The hire of bikes is popular so my good friend and I decided to take a cycle ride for an hour whilst our ladies were preparing for an evening out. Not being quite the cyclist enthusiast that my friend is, I was a little concerned as to how far we would be travelling and whether it was within my constitution to undertake all this before dinner. As we set off with these wonderful large bicycles with wicker baskets attached to the front and large bells, which proved a necessity whilst weaving in and out of tourists walking around the cobbled streets, we set off through the city centre and out through the side of the canal. I called to my friend “where are we going?” to which he replied to my horror “we are just nipping down to Zeebrugge (which is the sea port of Bruges) and back”.
At Zeebrugge there was a chain floating bridge from the Bruges side and my friend decided it would be rather splendid if we undertook this. As we approached the entrance, there was a sign in French which stated that owing to necessary repairs the floating bridge would not be in operation. I am bound to say I was somewhat relieved that we would not be venturing any further as it had taken us almost 45 minutes to reach this point and we would be most certainly over our time when returning to the cycle shop to return our bikes. However, the journey was entirely flat and manageable and quite enjoyable, although it really tested my fitness levels in terms of trying to keep up with my friend ahead of me. We paid the cycle man his fee for two hours usage and returned to our hostelry to prepare for dinner which had been booked in a local restaurant.
We had been able to find, again in one of the side streets, a small beautifully presented restaurant seating up to no more than 30 people, and by the time we arrived it was almost full. The proprietor who welcomed us in at the door showed us to our table amongst a very lively buzz of conversation, interrupted by laughter and the clinking of wine glasses. Immediately we sat down an announcement was made in a loud voice by the owner in French that the restaurant was now closed as everyone had arrived and so one of the staff was appointed to lock the doors. It was a fascinating and an interesting evening as although we were all offered different types of menus and wine, it was clearly part of the experience to all dine together and all leave together! I recall the quality of the fresh vegetables which complemented a host of various fish and meat options.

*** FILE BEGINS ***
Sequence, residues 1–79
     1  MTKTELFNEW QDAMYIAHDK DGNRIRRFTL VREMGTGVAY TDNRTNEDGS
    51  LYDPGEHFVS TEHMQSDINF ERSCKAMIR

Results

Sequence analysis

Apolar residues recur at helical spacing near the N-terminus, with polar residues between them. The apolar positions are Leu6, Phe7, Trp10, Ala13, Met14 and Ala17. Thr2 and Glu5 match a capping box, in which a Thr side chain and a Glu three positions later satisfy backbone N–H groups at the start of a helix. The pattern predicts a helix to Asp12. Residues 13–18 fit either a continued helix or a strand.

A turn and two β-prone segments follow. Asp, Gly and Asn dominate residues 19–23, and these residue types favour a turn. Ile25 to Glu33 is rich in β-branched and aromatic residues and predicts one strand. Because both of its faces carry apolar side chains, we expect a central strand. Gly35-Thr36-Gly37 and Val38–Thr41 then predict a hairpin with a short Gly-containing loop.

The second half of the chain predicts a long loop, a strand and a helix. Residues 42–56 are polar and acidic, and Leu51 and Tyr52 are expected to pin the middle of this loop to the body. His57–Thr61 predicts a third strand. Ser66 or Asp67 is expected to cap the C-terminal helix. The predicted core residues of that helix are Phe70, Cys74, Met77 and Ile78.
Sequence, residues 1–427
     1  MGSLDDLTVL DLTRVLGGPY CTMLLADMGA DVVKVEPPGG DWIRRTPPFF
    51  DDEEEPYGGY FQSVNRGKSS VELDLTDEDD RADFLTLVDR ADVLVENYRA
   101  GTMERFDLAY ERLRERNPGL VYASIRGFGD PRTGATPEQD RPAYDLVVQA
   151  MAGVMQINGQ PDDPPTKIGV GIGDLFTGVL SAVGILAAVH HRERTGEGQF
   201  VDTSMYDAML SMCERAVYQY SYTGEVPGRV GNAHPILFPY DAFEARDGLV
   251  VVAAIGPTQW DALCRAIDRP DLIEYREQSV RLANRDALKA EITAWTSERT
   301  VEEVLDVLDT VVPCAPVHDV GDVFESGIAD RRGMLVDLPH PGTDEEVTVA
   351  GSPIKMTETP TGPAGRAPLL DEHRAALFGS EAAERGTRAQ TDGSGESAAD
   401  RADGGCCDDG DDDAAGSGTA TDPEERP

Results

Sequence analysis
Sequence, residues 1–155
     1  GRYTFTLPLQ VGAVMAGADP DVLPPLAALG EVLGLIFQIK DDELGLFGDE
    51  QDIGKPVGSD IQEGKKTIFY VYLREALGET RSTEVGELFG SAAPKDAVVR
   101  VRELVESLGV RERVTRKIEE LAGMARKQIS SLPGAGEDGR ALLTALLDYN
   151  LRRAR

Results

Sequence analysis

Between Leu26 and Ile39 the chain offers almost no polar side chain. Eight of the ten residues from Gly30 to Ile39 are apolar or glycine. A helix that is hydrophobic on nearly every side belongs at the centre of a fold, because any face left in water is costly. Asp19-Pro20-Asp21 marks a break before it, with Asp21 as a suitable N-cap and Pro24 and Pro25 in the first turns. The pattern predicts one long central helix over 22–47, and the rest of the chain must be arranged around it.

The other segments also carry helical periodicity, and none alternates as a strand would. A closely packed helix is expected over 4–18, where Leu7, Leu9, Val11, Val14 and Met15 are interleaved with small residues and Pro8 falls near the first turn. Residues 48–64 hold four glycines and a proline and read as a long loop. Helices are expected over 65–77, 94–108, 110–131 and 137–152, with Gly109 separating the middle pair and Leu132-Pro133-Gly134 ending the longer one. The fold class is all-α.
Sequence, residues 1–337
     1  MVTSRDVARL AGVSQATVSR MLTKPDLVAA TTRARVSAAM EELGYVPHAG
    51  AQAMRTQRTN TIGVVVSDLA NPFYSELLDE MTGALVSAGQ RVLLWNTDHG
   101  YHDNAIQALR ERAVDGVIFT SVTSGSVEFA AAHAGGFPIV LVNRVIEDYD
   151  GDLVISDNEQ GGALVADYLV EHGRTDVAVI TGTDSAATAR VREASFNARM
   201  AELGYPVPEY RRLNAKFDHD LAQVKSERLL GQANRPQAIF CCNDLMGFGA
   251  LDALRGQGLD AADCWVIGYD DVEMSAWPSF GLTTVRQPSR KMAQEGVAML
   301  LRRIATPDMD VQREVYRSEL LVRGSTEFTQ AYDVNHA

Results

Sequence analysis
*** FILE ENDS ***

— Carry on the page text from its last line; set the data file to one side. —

The following day we attended the Cathedral and Belfry Tower with its 366 steps up to the bell tower itself, which offers the most extraordinary view over the city. We also explored many of the Listed Buildings, which had amazing architectural and historical features.
Our final day was a canal trip which should not be missed. Again locals were keen to offer us guidance and to point out all the various constructions and works undertaken in maintaining the World Heritage Management Plan that began in 2012, and which looks at not only preservation but also the historic urban landscape around the area.
Without a doubt, Bruges is a city that left a huge impression upon me – and a strong desire to visit again in the future.